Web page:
Last updated on June 22, 2020
Playa del Carmen, Q.R. — Years after the destruction of mangroves in the area of Grand Coral in Riviera Maya, federal officials have yet to find restitution.
The Federal Attorney for Environmental Protection in the state issued an acuerdo resolutivo whereby it terminates the case without restitution of damage to those responsible. In 2014, companies GC Riviera Maya and GC Riviera Maya Urban Golf Course projects were closed for violating Mexican legislation by filling mangroves with stony material.
Federal officials were initially denied access to the site, however, they managed to inspect the area with Solidaridad police support. Several security guards were arrested for denying access.
Upon inspection, they found more than 8,300 square meters of mangrove destroyed by the illegal fill. The flora and fauna of that mangrove area continues to be listed in NOM 059 under the category of threatened species.
The general director of Environmental Planning and Urban Development, Eduardo Morentín Ocejo, confirmed that the company Grand Coral, did not show any permits for the mangrove fill.
He stressed that it is up to Procuraduría Federal de Protección (Profepa) to determine the procedure because in the end, it is a federal crime and as a municipality, they act according to law.
Since then, the owners of the project have been prosecuted in Spain. In 2018, a judge from the Audiencia Nacional Carmen Lamela prosecuted the former president of the now defunct Bancaja and Banco de Valencia, José Luis Olivas as well as its former directors José Luis Izquierdo and Domingo Parra for the embezzlement of 750 million euros in the Grand Coral project.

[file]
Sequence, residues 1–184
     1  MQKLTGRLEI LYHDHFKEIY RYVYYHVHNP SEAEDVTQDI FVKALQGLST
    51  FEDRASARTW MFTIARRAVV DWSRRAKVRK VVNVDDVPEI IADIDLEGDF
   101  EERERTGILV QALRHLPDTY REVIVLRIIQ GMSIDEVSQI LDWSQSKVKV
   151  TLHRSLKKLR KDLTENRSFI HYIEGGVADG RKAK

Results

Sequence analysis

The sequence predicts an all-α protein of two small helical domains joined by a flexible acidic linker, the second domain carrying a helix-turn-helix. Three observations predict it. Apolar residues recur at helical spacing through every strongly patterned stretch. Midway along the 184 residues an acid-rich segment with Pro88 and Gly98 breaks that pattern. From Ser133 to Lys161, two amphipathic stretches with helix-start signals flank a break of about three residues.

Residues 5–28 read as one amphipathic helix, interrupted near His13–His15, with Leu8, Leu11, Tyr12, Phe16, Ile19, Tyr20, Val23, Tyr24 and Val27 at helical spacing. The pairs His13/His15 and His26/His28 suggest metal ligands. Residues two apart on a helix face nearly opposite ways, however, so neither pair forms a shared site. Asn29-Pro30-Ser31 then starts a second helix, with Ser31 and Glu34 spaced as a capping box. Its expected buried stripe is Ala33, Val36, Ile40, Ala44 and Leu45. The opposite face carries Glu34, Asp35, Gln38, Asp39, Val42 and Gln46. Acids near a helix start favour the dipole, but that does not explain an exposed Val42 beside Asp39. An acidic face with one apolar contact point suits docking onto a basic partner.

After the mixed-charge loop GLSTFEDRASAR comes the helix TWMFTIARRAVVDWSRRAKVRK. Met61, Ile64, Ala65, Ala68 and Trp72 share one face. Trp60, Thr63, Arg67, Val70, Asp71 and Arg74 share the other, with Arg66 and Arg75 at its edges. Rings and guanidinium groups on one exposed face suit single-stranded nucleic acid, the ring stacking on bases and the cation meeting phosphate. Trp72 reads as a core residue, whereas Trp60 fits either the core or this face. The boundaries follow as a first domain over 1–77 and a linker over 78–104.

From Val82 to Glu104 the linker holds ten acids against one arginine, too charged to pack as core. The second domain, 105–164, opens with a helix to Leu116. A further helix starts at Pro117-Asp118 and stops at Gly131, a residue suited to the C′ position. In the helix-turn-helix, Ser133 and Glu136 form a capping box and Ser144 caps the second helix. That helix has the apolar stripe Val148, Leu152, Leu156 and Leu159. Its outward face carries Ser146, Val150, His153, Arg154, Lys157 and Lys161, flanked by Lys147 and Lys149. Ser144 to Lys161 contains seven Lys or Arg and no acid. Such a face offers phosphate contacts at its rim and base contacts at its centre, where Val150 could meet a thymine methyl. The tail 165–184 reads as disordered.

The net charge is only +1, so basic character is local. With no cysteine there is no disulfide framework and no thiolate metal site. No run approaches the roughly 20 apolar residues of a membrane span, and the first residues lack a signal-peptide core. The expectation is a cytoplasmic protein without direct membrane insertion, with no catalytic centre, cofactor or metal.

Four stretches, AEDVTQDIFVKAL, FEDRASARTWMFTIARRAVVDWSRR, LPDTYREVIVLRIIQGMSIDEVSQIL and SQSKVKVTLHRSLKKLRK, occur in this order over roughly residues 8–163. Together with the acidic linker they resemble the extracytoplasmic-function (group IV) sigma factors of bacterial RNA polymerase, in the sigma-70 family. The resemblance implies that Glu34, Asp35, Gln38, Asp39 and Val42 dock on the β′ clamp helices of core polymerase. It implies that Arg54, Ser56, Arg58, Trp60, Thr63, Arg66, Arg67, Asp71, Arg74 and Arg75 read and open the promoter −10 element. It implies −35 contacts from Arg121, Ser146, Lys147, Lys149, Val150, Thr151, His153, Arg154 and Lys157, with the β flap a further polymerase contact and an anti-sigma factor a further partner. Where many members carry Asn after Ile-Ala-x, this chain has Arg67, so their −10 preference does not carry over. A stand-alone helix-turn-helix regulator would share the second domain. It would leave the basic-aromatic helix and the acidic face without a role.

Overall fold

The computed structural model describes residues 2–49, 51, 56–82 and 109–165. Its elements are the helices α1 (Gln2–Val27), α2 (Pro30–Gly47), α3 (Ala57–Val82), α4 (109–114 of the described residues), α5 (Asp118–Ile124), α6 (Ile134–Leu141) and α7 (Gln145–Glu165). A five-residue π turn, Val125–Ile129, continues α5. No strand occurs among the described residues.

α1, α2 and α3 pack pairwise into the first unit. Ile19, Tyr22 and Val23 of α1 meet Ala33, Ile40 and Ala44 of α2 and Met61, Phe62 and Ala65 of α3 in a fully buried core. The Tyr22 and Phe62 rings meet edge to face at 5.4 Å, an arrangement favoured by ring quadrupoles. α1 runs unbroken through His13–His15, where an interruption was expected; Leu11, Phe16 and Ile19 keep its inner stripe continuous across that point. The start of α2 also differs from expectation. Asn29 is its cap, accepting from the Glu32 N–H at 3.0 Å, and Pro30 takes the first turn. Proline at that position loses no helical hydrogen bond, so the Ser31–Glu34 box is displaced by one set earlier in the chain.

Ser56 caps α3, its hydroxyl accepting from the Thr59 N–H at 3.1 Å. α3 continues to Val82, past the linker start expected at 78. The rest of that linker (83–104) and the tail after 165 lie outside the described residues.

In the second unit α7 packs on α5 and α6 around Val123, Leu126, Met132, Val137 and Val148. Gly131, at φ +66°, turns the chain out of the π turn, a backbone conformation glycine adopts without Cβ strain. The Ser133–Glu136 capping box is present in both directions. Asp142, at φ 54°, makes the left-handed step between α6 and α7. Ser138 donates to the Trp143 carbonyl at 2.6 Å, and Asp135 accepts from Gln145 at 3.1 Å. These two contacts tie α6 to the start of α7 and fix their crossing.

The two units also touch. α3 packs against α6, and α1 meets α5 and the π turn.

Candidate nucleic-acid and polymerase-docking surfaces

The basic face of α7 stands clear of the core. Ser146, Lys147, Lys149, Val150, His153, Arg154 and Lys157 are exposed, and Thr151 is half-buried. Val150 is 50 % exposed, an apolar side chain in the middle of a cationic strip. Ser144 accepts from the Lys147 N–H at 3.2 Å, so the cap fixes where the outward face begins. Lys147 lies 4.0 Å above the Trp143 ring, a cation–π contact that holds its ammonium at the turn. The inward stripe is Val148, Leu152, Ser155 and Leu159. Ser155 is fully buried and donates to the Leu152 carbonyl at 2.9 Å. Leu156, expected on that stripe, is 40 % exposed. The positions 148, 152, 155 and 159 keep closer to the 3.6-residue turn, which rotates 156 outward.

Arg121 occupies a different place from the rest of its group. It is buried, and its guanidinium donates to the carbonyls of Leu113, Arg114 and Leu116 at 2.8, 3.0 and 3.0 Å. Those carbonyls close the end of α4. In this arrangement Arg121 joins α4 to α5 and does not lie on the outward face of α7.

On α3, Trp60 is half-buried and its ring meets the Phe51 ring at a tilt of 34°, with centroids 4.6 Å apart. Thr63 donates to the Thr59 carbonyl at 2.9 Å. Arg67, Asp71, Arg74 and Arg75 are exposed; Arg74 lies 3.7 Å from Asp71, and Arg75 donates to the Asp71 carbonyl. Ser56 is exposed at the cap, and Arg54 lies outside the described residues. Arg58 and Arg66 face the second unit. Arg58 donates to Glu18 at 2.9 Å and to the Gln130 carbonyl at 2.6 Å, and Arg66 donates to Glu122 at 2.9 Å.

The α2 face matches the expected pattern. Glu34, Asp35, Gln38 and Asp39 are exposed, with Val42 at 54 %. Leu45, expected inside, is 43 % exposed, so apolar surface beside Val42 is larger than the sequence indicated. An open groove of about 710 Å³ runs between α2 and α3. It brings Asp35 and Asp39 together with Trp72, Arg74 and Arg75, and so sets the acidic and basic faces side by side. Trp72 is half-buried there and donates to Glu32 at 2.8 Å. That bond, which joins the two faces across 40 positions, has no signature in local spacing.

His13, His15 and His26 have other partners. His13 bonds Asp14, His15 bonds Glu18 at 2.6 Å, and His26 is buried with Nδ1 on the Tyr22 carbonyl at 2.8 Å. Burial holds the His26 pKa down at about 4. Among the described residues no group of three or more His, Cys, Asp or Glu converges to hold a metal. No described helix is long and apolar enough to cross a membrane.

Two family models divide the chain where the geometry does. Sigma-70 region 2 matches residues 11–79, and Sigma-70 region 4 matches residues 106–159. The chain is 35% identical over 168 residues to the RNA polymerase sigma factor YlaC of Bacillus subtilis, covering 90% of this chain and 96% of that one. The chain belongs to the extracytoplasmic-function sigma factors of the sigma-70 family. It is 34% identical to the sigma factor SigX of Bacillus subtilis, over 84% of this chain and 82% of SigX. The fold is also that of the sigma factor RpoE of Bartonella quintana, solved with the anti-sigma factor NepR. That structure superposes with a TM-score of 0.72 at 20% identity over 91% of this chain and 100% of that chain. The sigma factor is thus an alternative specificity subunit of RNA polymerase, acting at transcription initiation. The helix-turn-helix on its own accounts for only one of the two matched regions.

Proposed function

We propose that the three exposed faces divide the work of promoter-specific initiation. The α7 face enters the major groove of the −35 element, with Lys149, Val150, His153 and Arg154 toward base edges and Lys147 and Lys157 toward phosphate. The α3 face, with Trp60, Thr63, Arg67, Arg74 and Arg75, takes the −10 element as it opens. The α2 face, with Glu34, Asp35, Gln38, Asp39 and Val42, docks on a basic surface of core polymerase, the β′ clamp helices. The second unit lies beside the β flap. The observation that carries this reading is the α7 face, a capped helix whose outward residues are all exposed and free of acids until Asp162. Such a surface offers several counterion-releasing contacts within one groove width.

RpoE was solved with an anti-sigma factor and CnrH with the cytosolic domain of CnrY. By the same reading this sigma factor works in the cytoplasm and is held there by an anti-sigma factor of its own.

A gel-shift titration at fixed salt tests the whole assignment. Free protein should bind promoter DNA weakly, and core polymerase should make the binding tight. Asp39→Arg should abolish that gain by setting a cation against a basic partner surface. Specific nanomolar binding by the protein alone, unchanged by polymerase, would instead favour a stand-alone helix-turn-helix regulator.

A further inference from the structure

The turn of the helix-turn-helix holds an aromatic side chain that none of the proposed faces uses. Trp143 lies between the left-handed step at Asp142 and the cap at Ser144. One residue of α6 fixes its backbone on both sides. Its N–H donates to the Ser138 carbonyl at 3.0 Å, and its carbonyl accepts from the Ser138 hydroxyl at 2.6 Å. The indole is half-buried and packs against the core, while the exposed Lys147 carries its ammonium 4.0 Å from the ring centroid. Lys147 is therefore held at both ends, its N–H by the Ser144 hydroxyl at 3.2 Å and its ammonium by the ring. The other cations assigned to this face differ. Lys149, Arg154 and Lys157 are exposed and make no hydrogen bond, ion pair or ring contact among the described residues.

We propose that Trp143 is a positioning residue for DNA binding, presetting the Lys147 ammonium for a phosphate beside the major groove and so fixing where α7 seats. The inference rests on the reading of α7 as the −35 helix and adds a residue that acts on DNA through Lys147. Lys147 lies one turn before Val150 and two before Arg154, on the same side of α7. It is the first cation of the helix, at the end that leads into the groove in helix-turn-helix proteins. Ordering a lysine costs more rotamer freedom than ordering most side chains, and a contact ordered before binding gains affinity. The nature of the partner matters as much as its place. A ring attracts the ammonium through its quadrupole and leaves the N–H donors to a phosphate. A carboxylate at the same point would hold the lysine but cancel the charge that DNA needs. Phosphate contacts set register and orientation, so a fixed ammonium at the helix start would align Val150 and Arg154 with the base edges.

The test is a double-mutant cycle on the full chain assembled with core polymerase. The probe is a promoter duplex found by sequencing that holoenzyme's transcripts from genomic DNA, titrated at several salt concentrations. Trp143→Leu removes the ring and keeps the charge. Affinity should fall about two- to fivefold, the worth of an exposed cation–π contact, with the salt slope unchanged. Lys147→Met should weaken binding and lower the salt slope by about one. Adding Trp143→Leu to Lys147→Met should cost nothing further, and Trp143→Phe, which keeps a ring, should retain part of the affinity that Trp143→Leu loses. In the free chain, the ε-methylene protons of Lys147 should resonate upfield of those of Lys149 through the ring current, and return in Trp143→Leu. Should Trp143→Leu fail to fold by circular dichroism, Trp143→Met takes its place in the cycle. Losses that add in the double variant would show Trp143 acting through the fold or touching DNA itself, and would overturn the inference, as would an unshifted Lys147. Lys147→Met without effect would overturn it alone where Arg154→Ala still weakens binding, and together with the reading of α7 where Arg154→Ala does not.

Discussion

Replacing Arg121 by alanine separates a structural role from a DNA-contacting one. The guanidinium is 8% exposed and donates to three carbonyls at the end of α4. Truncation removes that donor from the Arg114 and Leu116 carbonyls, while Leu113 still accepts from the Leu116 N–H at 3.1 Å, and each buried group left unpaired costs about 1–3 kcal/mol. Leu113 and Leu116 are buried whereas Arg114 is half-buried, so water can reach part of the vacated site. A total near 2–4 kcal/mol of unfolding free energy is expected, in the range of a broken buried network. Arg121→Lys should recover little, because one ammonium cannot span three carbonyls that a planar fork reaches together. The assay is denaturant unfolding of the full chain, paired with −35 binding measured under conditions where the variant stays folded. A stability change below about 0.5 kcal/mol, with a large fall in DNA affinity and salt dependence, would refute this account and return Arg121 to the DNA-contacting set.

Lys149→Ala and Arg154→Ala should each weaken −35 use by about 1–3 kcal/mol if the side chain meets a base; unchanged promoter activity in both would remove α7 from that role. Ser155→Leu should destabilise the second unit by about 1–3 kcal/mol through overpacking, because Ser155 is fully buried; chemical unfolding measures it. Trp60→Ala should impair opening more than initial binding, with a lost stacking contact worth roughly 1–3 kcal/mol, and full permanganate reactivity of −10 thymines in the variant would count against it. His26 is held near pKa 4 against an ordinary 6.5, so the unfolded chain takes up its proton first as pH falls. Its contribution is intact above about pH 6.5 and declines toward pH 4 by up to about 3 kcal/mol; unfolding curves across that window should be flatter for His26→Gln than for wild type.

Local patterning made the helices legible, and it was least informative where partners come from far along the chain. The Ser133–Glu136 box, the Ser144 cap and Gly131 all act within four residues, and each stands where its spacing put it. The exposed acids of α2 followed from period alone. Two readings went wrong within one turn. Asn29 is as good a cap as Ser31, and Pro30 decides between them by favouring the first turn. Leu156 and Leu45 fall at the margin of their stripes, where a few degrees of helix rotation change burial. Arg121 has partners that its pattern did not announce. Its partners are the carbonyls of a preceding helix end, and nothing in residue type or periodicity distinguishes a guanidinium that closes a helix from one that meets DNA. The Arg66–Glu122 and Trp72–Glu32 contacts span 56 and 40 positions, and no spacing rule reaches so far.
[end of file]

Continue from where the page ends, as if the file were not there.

The real estate project was a plan of investments in Baja California and Riviera Maya that, between 2005 and 2009, financed the Valencian entities in partnership with the hotel promoters Juan Vicente Ferri, José Salvador Baldó and Juan Poch.
Thanks to the loans granted by Bancaja and Banco de Valencia “in a systematic way” the entrepreneurs obtained unjustified profits of 170 million euros, part of which were allegedly laundered in the Private Banking of Andorra.
The Grand Coral loans lacked economic rationality and were plagued by irregularities, according to a report by judicial experts appointed by the Bank of Spain. The entities suffered “an economic loss of 100% of the investment”.
Of the 750 million evaporated, 160.5 million corresponded to the loss of value of the shareholdings of Bancaja and Banco de Valencia in the projects and 452.3 to the non-payment of the loans granted to the projects.
In addition to the top executives of Bancaja and Banco de Valencia and the hotel businessmen, the judge processed another 39 people, mostly second-row managers and members of the different Board of Directors during those years.
“In all these operations it is verified that the top leaders of Bancaja and Banco de Valencia allowed, in some cases, and sponsored in others, an authentic operation of embezzlement of the entities that unjustifiably ended up in the hands of hotel partners Juan Ferri, José Baldó and Juan Poch,” reported the judge.